MC Debbie D Calls Out Hip-Hop 50 Celebrations for Neglecting Female Rap Trailblazers

The former rapper emphasized the crucial need for their inclusion.

Throughout 2023, hip-hop's 50th anniversary was celebrated throughout the world. From small block parties to sold-out shows at Yankee Stadium, the world gathered to appreciate an art form that started at a house party on August 11, 1973.

But the celebrations haven't been without complaints. Some hip-hop pioneers in the South felt they were left out and underrepresented, as well as other regions. And most recently, MC Debbie D, who has dubbed herself the first solo female rapper, took to Twitter to air out some of the luminaries behind the Hip-Hop 50 celebrations.

On Tuesday, Debbie took to Twitter to express her displeasure with the lack of representation of female rap pioneers by posting an open letter.

'BET Hip Hop Awards' 2023: Celebrating 50 Years of Hip Hop with Iconic Performances and Legends

“Brothers and Sisters: The Grammy Awards and Yankee Stadium events were a beautiful celebration of hip hop commemorating 50 years of our existence,” she wrote. “With the recent Grammys show in particular, LL says ‘everyone cannot be in the show,’ to which I understand. However, in conjunction with not being asked to perform at events, surprisingly, the names of female pioneers are not even included in a ticker tape or roll call. With both omissions, many say, female pioneers are being erased from the narrative.”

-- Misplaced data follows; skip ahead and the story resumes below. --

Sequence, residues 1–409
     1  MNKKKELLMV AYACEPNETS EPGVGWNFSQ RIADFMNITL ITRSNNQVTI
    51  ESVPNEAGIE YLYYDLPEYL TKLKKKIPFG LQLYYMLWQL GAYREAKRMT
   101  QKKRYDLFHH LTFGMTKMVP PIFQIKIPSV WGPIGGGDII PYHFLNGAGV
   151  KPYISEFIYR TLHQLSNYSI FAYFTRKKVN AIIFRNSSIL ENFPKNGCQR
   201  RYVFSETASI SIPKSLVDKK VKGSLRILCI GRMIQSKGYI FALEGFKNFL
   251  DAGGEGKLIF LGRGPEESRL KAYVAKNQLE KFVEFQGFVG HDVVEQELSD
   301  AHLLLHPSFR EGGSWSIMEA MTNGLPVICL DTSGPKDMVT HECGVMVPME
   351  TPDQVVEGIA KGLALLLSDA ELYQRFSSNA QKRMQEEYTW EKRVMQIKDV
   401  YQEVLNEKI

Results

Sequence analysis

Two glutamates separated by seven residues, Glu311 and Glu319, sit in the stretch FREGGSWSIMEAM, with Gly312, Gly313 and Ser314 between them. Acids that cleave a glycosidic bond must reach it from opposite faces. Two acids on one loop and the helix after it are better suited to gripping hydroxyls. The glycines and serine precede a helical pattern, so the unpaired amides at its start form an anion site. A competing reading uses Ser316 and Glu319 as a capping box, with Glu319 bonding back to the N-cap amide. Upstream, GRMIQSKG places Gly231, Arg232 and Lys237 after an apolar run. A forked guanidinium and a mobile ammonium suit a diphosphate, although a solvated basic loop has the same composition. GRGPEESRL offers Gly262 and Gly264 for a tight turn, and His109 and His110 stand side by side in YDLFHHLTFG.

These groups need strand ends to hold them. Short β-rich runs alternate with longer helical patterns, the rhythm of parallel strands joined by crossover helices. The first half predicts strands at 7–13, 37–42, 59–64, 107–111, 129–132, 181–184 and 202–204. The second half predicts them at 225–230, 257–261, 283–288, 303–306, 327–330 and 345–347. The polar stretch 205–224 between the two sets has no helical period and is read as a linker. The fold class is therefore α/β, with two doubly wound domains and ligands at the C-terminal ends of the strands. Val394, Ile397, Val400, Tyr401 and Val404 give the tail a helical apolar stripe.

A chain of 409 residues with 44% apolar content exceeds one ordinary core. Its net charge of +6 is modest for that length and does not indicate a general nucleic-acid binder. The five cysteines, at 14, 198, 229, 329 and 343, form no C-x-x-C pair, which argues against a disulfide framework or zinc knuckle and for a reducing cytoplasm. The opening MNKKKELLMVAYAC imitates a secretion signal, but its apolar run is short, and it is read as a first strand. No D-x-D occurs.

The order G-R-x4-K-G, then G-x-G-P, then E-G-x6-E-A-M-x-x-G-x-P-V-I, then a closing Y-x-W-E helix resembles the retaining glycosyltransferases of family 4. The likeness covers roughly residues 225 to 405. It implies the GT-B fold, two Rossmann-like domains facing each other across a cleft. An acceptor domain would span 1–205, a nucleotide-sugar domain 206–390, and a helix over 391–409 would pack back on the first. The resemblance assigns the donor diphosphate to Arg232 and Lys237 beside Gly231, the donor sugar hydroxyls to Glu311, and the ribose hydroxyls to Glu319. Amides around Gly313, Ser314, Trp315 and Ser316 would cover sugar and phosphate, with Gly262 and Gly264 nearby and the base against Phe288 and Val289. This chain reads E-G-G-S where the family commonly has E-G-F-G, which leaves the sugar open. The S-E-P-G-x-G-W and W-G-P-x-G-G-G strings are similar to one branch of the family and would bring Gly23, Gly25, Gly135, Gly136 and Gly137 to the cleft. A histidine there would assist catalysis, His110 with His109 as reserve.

She continued acknowledging that some pioneers were included, but it was the bare minimum.

“At the Grammys, it was admirable to see my sisters, MC Sha Rock and Roxanne Shante on the mic performing, having the earliest careers among the other females rappers present, however, between them is a 7 year time span,” she tweeted. “As a Hip Hop Historian and Flyerologist, I present below, a progression of names of early women in hip hop who should always be noted whenever there is a discussion of pioneers.”

“As you know, during Hip Hop 50, women in hip hop today are receiving their flowers,” she continued. “To be on the right side of history is to remember the names of the women who paved their way!”

Debbie D, who is from the Bronx, was among the first female rappers to emerge in 1977. She is now a preacher and minister coach.

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